Jerrold C. Manock

Jerrold Manock knew he wanted to be an engineer in jr. high school. He attended UCLA for three semesters in General Engineering and transferred to Stanford University where he graduated with a BS in Mechanical Engineering in 1966 and an MS, Mechanical Engineering, Product Design, in 1968. Immediately after graduating he accepted a job with Hewlett-Packard, Microwave Division, where he contributed to the design of 13 electronic measuring instruments over the next four years. After a nine month sabbatical traveling around Europe and Scandinavia with his wife, Mary Ellen, he returned to the Bay Area to become Product Design Manager at Telesensory Systems, Inc., a maker of electronic aids for the visually handicapped. He left there in 1976 to found his own product design consulting firm, Manock Comprehensive Design.

Early in February, 1977, out of an 8' x 20' office in Palo Alto, he consulted with the newly formed Apple Computer, Inc. on the product / industrial design of the Apple II that was to make its debut at the West Coast Computer Faire in April of that year. Closely following the Apple II was the design of the Disk II. Because most of his billing was to Apple, Manock joined them "half time" (about 50 hours per week) as their Corporate Manager of Product Design. He was employee # 246. He very quickly realized that by accepting a "full time" position he could earn 100% more salary by working only 10% more hours. He then went on to co-design the Apple III with Hovey-Kelley Design. After the Apple III's ignominious introduction he was assigned to head the product / industrial design effort for the small Macintosh Research Project under Jef Raskin, as well as establish corporate design standards and initiate an Apple Design Guild which met regularly to guarantee product design quality and consistency throughout all Apple Divisions. The Macintosh, now a Division, eventually outgrew its Texaco Towers "skunkworks' facilities and moved into a real Apple building where it expanded to more than 100 people, 5 of which were in Manock's Product Design group, in preparation for product launch.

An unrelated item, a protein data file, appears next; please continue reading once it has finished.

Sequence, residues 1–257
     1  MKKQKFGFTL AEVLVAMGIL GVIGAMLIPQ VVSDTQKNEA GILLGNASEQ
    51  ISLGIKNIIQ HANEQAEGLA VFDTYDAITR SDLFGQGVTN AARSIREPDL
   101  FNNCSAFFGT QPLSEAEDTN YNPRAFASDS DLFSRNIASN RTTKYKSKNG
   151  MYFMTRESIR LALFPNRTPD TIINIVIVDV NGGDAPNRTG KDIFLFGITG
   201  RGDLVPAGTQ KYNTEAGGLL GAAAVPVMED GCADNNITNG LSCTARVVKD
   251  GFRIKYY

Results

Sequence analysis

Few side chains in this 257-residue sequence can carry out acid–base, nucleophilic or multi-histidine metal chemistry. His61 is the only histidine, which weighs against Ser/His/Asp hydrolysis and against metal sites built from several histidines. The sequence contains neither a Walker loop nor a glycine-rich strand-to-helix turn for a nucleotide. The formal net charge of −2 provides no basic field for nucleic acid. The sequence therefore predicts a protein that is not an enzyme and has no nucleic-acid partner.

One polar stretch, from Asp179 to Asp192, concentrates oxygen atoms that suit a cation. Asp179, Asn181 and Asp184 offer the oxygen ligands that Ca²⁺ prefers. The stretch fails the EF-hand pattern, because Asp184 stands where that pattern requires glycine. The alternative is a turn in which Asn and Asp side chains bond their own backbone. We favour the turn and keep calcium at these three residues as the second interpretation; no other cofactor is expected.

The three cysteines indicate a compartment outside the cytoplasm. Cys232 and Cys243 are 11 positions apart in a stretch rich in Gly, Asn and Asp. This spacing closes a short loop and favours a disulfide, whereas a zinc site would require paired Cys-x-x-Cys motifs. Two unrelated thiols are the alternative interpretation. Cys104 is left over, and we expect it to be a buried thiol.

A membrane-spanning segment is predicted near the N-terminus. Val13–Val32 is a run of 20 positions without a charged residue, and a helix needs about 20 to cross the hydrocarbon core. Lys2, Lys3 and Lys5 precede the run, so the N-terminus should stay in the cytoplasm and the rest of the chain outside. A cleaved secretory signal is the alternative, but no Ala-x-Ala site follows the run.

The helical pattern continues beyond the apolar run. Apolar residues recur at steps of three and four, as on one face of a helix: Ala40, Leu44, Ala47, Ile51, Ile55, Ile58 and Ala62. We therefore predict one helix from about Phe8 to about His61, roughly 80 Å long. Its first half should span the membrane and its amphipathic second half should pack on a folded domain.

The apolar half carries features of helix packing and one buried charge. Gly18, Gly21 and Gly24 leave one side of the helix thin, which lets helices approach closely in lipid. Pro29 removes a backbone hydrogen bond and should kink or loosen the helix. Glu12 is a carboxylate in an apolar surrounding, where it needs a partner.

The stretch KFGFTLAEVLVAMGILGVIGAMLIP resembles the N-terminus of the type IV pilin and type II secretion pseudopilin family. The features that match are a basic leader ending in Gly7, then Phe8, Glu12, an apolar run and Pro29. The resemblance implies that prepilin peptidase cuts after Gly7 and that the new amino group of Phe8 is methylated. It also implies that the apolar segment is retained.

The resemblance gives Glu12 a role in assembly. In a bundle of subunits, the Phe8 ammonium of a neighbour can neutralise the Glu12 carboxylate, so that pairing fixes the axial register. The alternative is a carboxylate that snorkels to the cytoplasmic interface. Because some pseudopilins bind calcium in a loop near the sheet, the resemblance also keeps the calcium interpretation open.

In 1984, after the Macintosh's introduction, Manock took a leave of absence to travel with his family in Scandinavia. Later that year he resigned from Apple in preparation for a move to Vermont in 1985 and a return to his private consulting practice. In Vermont he has had many small product design consulting projects, has taught experimental classes at the local high school, and holds an adjunct appointment as an instructor in the School of Business Administration, University of Vermont, where he has taught a course entitled Integrated Product Development for 14 years. He enjoys being active in his local community, sailing on Lake Champlain, traveling, macro photography in the Green Mountains, and has recently accepted a volunteer appointment as an Overseer for Sea Education Association in Woods Hole, MA.


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